They found it took the normal, or wild type, mice consuming the higher fat diet as well as the visceral transplant recipients with NLRP3 intact longer to negotiate the water maze. In fact, while they could reach a platform they could see, they had trouble finding one beneath the water’s surface that they had been taught to find.
Mice with the interleukin-1 receptor knocked out, could find it just fine, Stranahan says.
The high-fat diet, transplant mice also had weaker connections, or synapses, between neurons involved in learning and memory. Mice on a high-fat diet but missing NLRP3 were spared these changes, like mice on a low-fat diet.
Also, like many of us, mice tend to prefer new toys and those on a low-fat diet or with NLRP3 removed were better at recognizing novel objects to play with and their synapses were stronger. The high-fat diet transplant mice seemed not to remember so well which toy they’d already played with.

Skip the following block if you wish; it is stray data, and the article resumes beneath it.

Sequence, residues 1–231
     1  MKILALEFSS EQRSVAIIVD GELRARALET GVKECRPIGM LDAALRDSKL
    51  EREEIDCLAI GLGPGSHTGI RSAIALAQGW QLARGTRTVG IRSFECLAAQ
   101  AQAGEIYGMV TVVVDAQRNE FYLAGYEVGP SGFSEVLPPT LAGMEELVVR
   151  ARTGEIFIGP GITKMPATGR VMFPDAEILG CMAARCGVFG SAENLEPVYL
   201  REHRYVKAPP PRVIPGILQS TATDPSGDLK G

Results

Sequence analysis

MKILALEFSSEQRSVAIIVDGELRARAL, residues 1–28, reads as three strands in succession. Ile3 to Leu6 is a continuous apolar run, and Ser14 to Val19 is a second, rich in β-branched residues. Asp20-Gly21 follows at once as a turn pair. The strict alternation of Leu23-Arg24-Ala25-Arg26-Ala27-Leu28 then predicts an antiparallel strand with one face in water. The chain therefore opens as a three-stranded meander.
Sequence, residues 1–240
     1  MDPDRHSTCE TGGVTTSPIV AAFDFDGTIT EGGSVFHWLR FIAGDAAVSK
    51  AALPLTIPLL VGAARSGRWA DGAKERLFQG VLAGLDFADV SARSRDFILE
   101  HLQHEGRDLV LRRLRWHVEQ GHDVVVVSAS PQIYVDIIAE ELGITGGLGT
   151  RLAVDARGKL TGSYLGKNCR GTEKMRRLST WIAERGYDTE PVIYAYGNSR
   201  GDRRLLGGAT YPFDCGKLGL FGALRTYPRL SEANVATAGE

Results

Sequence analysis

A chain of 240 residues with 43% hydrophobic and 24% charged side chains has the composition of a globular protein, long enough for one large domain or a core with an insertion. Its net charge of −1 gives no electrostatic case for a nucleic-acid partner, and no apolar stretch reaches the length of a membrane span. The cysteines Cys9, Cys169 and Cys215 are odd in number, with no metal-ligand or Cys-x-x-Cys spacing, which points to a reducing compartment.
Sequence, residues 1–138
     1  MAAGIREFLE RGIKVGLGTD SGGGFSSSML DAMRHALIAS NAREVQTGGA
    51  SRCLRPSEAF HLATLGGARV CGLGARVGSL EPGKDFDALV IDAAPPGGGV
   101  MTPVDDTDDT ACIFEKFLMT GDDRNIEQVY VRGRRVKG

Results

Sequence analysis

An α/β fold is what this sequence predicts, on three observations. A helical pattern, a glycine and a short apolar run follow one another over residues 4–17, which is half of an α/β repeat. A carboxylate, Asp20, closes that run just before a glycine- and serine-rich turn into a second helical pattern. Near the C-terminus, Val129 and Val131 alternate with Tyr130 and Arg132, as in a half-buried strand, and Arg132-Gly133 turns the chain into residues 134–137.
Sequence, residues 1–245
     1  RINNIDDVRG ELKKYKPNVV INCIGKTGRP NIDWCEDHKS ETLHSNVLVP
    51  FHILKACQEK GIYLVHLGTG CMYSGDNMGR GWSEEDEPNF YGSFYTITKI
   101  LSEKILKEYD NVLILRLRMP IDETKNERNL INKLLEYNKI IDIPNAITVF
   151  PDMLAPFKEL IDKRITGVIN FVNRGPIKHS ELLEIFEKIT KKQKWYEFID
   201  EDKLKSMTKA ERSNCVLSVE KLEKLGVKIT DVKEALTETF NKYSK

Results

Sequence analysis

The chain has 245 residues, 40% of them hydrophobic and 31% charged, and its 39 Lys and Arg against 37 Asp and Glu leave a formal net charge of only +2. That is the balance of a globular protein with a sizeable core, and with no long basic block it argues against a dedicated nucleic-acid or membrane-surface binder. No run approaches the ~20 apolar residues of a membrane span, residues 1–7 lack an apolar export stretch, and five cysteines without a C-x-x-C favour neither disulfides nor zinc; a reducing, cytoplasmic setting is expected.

There is already potential protection out there from brain effects, Stranahan says, noting biologics in use in humans for problems like rheumatoid arthritis and Crohn’s disease, that target interleukin-1 beta.
“Obesity-induced inflammation occurs over years and so does inflammation in some of these chronic inflammatory diseases,” Stranahan says.
There is also emerging evidence that bariatric surgery, which sometimes includes removing visceral fat, can improve attention, mood and executive function.
There are many hypotheses about why visceral fat is so inflamed, including its proximity to the gut microbiota, a centerpiece of our immune response, which is programmed to attack invaders.
Increased rates of cognitive decline have been linked to obesity in humans, including shrinkage of key brain areas like the hippocampus, although there also have been contradicting reports about the overall health impact of obesity, the scientists report.
The contradiction in impact may relate to where the fat is found, says Stranahan, whose next goals include studying the apparent protective effects of fat deposited under the skin, called subcutaneous fat, whose benefits may include allowing you to store energy away from the highly inflammatory abdominal area.